Today I received another LinkedIn request from someone who wants to connect with me. This was the entire message:
I’d like to add you to my professional network on LinkedIn.
I do not know Jeni. I do not know why she wants to be part of my professional network.
My only choices on my free version of LinkedIn are to accept or ignore the request. What should I do?
Rather than adding to my network a stranger about whom I know nothing, I will ignore Jeni’s request.
Granted, I could research her online. Jeni’s last name was included with the request, and I could do an Internet search or even a LinkedIn search to try to find out something about her. But why would I do that work without a good reason?
If you want to connect with someone professionally, why not write your request so that the other person will feel positive about connecting with you?
If you are using a networking service such as LinkedIn, tailor your request to join someone’s network. For example, Jeni might have written something like this:
I’d like to add you to my professional network on LinkedIn. I am beginning to develop business writing classes at my company, _________ [name of company], and I would like to connect with you about approaches, content, resources, and other topics.
If I had received a message like that, I would have accepted her request because it is specific. It would have helped me understand why we might have something in common and might mutually benefit from being connected.
If you want to email a stranger to introduce yourself, be clear about your reason for writing. Do you want advice from the other person? Would you like an answer to a question? Would you like to have coffee to discuss a business challenge? Know what you want so you can make your request clear.
Consider this example as an email request:
Subject: Request Regarding Music Business Internships
Dear Mr. Wilson,
My friend Debra Jones suggested I write to you. She thought you might be willing to share your advice on finding an internship in the music business. I am graduating next week from Ballard High School and am excited to be starting the music business program at USC in late August. Until then, I am available for a few weeks this summer and would like to get experience in the industry.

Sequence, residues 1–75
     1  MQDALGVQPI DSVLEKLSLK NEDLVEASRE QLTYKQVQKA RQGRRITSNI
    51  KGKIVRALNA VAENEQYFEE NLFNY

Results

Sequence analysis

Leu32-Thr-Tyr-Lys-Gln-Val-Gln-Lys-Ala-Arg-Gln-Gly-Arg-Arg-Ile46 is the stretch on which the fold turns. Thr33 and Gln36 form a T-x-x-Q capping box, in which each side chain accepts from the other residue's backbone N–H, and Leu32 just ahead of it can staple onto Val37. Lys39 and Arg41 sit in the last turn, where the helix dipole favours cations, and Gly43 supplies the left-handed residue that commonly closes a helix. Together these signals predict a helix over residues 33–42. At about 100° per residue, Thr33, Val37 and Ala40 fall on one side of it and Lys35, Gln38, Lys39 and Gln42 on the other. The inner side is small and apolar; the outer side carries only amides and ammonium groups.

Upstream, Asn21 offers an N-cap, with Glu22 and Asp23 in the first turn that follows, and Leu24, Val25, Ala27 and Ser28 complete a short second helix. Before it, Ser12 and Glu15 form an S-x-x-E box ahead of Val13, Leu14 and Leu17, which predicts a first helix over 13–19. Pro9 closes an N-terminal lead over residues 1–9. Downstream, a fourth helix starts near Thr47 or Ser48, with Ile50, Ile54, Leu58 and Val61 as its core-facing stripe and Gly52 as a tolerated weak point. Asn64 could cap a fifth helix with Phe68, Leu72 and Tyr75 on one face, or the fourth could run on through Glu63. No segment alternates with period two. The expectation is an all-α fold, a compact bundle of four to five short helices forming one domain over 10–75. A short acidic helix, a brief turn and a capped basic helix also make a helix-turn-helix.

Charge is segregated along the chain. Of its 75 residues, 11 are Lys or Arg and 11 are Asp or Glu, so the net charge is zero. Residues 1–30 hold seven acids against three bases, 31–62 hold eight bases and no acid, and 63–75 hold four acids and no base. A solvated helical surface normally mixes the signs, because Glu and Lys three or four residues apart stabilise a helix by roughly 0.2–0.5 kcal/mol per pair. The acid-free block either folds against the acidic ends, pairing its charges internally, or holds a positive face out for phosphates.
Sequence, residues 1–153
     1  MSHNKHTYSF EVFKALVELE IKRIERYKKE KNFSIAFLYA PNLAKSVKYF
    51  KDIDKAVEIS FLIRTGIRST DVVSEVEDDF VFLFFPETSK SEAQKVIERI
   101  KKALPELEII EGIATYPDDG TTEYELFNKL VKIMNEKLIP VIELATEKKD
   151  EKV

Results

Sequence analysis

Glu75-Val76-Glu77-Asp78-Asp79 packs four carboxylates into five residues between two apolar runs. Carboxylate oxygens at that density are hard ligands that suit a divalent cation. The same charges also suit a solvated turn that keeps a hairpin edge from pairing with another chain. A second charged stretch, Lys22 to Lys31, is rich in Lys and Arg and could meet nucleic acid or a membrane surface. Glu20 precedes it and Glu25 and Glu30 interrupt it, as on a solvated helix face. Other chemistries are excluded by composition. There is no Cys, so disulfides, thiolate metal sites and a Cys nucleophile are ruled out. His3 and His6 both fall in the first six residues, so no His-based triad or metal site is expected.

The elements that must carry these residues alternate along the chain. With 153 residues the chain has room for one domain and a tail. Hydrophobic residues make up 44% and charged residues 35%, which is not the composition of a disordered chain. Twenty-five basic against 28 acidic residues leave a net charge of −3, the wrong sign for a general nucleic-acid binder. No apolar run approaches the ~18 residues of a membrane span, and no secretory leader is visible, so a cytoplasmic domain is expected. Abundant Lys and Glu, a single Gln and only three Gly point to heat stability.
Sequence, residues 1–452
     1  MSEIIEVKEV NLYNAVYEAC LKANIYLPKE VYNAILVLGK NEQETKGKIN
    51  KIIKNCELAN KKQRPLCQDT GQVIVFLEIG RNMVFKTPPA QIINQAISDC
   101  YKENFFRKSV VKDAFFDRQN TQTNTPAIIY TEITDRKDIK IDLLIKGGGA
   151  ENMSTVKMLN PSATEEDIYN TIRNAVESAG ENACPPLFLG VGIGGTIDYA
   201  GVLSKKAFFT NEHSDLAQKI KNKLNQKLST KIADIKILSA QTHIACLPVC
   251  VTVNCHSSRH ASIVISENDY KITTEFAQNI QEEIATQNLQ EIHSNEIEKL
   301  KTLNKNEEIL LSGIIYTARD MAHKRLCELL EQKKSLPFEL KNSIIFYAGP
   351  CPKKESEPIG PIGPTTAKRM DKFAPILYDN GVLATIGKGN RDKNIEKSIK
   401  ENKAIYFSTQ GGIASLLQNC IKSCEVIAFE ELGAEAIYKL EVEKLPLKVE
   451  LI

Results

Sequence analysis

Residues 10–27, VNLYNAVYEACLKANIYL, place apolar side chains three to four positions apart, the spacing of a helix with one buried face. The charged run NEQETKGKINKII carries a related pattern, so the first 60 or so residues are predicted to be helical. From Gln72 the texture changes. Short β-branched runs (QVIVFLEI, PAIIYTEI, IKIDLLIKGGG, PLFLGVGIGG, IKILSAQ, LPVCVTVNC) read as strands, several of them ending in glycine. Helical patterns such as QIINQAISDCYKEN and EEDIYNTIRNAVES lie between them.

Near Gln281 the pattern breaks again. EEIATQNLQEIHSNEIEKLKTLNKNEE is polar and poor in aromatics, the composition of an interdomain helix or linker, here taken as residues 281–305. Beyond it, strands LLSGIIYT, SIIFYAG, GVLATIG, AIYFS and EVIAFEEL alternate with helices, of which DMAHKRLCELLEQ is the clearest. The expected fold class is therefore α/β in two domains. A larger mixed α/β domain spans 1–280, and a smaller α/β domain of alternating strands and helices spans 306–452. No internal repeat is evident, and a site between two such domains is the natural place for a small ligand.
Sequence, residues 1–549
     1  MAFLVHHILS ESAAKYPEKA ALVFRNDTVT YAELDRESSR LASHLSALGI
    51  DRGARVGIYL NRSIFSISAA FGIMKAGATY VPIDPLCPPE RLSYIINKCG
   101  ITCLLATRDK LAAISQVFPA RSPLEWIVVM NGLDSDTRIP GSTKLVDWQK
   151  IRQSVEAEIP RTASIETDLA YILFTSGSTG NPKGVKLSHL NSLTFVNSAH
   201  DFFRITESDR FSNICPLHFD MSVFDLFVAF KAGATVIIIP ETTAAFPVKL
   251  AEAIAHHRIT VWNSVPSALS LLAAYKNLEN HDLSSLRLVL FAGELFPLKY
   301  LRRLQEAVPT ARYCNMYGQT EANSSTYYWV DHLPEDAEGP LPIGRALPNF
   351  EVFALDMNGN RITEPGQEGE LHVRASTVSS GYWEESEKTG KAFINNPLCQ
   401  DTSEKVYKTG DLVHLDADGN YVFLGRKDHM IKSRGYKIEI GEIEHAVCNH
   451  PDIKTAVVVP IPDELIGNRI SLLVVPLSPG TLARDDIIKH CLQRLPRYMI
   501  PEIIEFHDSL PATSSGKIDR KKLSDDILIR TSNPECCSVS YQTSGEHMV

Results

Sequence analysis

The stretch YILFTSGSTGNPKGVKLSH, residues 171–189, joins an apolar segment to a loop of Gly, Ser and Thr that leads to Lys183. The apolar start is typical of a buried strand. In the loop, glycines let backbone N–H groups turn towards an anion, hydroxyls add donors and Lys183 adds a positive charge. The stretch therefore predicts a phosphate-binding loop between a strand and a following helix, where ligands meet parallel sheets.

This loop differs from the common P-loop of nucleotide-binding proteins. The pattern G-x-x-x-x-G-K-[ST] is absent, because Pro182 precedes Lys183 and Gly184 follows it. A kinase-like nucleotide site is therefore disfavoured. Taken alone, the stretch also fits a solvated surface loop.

I have good computer skills, and I am open to lots of experiences. I would prefer a paid internship, but I am open to volunteering too. I live in Seattle.
Would you be willing to talk with me by phone or in person? If so, please let me know.
Thank you for considering my request.
[phone number here]
My polite sample message from Dave includes these parts:
- A referral from someone Mr. Wilson presumably knows
- A reason for the message
- A little background on the writer and what he is looking for
- A specific request
- Contact information
If my fictitious Dave Bell did not know someone who could refer him to Mr. Wilson, he might have opened this way:
Dear Mr. Wilson,
My research on the Internet has informed me that you are a local Seattle expert in the music business. You have worked on Folklife, Bumbershoot, and other music festivals. I am writing to you as someone who might be willing to share your advice on finding an internship in the music business….
Too often people introducing themselves to strangers put very little effort into the message. The less the apparent effort, the less likely it is that someone will respond positively.
Do you have suggestions or views on how to introduce yourself to a stranger for networking or information-gathering purposes? Please share them here.